The Nail Polish Effect
Sitting in my favourite nail parlour recently, the woman to my left, in her twenties was having neon pink nails painted by a manicurist brandishing intense orange nails. They spent quite a long time admiring and complementing each other’s choices which made for a brilliant and blinding collision. To my right, another customer in her fifties was having intricate silver nail art daubed onto claret coloured talons and on my way home, I saw a young female traffic warden in a high vis vest with matching high vis canary yellow nails. She looked amazing.
During the Covid 19 global pandemic, sales of nail polish increased significantly. According to EssentialRetail.com sales of premium nail products jumped by 12% in the lockdown week starting March 16 and by 24% the following week, with brands such as Chanel, Dior and YSL doing particularly well. Historically, economic analysts and those in the beauty trade have used a loose theory called The Lipstick Effect to plot social downturns. When we hit an economically challenging period, it’s traditionally been lipstick, an affordable treat and instant lift, that women have invested in.
But not anymore. During Covid 19, beauty sales, including lipstick, bombed with a global decrease of 20% – 30%. This must partly be connected to face coverings; what’s the point of wearing lipstick that you have to hide behind a mask? As our faces became more concealed in public, it seems as though hands and nails may have taken over as focal points for personal expression. From a health and safety point of view, we’ve all become hyper-conscious of our hands during the global pandemic, from not touching others to regular cleaning and sanitising. But, perhaps as a result of all this attention on our hands, nail care has flourished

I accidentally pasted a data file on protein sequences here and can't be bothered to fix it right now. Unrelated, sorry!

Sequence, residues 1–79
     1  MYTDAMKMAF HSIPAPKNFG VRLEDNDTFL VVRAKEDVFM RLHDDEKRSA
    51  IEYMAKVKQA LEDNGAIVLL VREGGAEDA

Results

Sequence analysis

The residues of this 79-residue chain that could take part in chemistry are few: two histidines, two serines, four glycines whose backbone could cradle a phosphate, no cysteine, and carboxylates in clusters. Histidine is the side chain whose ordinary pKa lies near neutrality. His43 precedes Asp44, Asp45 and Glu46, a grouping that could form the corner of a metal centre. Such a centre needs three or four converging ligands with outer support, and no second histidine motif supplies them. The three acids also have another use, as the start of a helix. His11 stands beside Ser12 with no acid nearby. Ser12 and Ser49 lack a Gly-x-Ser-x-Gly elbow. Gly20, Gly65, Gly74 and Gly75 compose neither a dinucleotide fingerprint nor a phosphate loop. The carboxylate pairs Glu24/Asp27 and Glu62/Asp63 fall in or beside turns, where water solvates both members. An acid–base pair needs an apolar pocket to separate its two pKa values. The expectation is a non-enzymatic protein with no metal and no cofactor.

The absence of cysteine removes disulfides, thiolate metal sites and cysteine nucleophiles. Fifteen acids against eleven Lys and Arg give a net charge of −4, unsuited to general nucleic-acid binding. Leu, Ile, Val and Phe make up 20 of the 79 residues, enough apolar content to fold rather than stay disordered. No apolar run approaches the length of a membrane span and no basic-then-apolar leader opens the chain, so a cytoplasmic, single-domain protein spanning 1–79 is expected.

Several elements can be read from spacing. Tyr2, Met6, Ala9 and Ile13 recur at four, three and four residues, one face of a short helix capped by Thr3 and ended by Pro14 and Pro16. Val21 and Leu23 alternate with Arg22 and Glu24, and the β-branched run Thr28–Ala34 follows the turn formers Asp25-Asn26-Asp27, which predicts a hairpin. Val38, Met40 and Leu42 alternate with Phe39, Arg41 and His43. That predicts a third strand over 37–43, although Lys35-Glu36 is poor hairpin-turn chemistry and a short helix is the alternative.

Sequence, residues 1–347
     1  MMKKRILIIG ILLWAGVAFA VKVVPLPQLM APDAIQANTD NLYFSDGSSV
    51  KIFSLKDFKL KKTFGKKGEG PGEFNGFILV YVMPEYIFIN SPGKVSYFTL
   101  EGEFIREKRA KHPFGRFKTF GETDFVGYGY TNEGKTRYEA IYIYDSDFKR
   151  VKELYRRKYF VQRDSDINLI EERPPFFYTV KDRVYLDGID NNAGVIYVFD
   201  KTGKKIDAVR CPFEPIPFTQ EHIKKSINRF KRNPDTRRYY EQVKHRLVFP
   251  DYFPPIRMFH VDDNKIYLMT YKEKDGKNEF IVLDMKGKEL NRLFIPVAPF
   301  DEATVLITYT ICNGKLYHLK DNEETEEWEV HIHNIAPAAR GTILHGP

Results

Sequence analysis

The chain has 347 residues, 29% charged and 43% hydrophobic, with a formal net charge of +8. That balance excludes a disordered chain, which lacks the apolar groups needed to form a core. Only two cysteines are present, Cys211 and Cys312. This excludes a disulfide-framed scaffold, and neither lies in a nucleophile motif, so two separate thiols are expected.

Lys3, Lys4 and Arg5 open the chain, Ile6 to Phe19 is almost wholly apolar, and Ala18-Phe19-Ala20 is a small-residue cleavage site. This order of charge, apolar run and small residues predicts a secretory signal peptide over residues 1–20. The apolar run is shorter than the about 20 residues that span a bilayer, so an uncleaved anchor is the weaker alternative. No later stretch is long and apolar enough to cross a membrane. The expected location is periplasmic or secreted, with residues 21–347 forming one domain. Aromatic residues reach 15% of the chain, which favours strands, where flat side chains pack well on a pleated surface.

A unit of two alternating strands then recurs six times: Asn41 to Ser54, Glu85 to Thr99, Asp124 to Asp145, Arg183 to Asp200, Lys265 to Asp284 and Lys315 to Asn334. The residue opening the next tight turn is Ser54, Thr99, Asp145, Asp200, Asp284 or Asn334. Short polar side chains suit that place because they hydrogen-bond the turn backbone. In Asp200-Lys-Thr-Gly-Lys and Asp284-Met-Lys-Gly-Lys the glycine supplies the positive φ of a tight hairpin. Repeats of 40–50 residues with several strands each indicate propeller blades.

My first trip to the manicurist at the end of July this year was one of my most memorable post-lockdown moments. Just reading all those delicious names: Pittsburgh Blue, Canadian Maple, Tiramisu Slice, Unicorn Lovely, whisked me to other adventures far from the gloom that emanated from every news channel and radio station. After almost a year of no manicures, having my nails professionally painted felt wonderful and luxurious. Afterwards, I couldn’t stop staring at them and touching their glossy surface. I felt civilized again, my better self. It’s curious how these tips of keratin at the tops of our fingers have so much potential for escapism and joy.
I’m reminded of Sally Bowles, the glamorous night club singer in Christopher Isherwood’s novella Goodbye to Berlin (1937). Immortalized by Liza Minelli in Bob Fosse’s 1972 film, Cabaret, Bowles painted her nails in “divine” and “decadent” colours including green and black. Interesting that those fictional nails were set during the days of the Weimar Republic. In 1932, six million Germans were unemployed and the economy was in shreds. Perhaps, the lipstick effect should be re-named the Sally Bowles Effect.
Get the nail polish effect here:
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